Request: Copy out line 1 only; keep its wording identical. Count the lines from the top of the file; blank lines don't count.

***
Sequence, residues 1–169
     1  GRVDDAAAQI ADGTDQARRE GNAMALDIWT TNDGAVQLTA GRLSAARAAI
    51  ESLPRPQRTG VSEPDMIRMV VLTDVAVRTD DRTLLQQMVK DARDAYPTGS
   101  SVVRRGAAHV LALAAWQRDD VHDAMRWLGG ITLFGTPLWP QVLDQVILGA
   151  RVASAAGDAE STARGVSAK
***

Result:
Sequence, residues 1–169